Today's destination: Dublin. We're actually going to spend the night here in a B&B, so I can drop in to a couple of recruitment agencies and persuade them that Australians really don't have two heads and that we're acceptable to employ.
First impressions: Dublin is far more city-like than any other town in Ireland. It's still a town rather than a city. A large town, to be sure, but just a town nonetheless. Apart from anything else, a city can generally be expected to have a functioning public transport system The population is around 1.2m, but you wouldn't think it to look at it.
Dad had encouraged me to go and see the Dublin GPO - yes, the General Post Office - from where the Proclamation of an Irish Republic was read on Easter Monday, 1916. I'm told that there are still bullet-holes in the front of the building from when the British troops stormed it.
In the GPO itself there are framed copies of the Proclamation, including one of the original print run. The printing of the proclamation is a story in itself: it was printed mostly in the dead of night the day before it became public. There wasn't enough movable type to do it all in one hit, so there had to be two print runs - one for the top half, and one for the bottom half, the latter of which was printed after the former on the same page.
Our next stop in Dublin was the Guinness Storehouse. (And yes, I know everyone's eyes just lit up.) On closer inspection, the Guinness family pretty much built Dublin. I couldn't believe it when they told us that the brewery itself still occupies 55 acres in the middle of Dublin city. In the middle of the city! Unbelieveable. Oh, and that the brewery was situated at St James' Gate so that it would have preferential access to the city's water supply, being the River Liffey.
The Storehouse is the heart of the old brewery, but has been converted into one single, huge Guinness museum. There are exhibits there that take visitors all the way through the brewing process, from the harvesting of the barley and hops, to the brewing itself, to coopering and the kegging of the beer itself. The tour finishes with the obligatory taste testing and then a free pint of Guinness in the Gravity Bar.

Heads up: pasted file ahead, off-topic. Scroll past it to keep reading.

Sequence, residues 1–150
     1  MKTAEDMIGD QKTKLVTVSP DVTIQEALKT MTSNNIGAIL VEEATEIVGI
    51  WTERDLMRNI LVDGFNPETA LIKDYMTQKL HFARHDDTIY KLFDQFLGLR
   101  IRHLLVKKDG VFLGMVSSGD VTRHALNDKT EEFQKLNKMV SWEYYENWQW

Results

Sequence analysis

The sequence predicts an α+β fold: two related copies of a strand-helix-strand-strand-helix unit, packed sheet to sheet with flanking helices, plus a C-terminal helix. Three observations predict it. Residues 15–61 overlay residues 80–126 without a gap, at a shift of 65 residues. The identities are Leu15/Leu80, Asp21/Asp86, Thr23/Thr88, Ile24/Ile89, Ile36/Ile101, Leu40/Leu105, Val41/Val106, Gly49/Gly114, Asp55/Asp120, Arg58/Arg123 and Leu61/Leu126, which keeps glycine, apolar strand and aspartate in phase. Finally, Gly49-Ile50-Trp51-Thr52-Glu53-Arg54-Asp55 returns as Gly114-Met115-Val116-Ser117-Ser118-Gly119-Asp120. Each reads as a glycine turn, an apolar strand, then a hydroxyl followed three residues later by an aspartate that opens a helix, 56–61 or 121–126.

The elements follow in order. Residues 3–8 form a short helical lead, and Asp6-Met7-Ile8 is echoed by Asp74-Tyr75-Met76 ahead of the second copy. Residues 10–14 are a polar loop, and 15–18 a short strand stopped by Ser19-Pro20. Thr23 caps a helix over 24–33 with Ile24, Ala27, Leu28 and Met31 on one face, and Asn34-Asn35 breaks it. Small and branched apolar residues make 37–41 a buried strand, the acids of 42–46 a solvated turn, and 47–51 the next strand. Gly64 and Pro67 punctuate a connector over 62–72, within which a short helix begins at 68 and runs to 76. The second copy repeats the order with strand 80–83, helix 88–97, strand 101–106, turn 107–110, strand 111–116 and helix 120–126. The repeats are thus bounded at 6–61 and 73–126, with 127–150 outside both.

The Gravity Bar is one of the highest buildings in the city, and with its floor-to-ceiling glass windows offers a 360-degree panoramic view of the entire city. I loved it. Syndia hated it. But at least we've been there and seen it now. If you're a Guinness-drinker (or even if you're not), the Guinness Storehouse is well worth a look.
Our final action for the day was to buy tickets on one of the city tour buses. Yes, I know, the ones that everyone looks at, rolls their eyes and say, "How touristy." How touristy, indeed. But since we're tourists in a strange country, why not? The bus took us all around Dublin, from Grafton St to Merrion Square and St Stephen's Green. We ended up jumping off near the river and walking back over the Ha'penny Bridge to our B&B.
Oh, and one point of interest on the walk back was Dublin's answer to the Moulin Rouge: a pub named "The Red Windmill."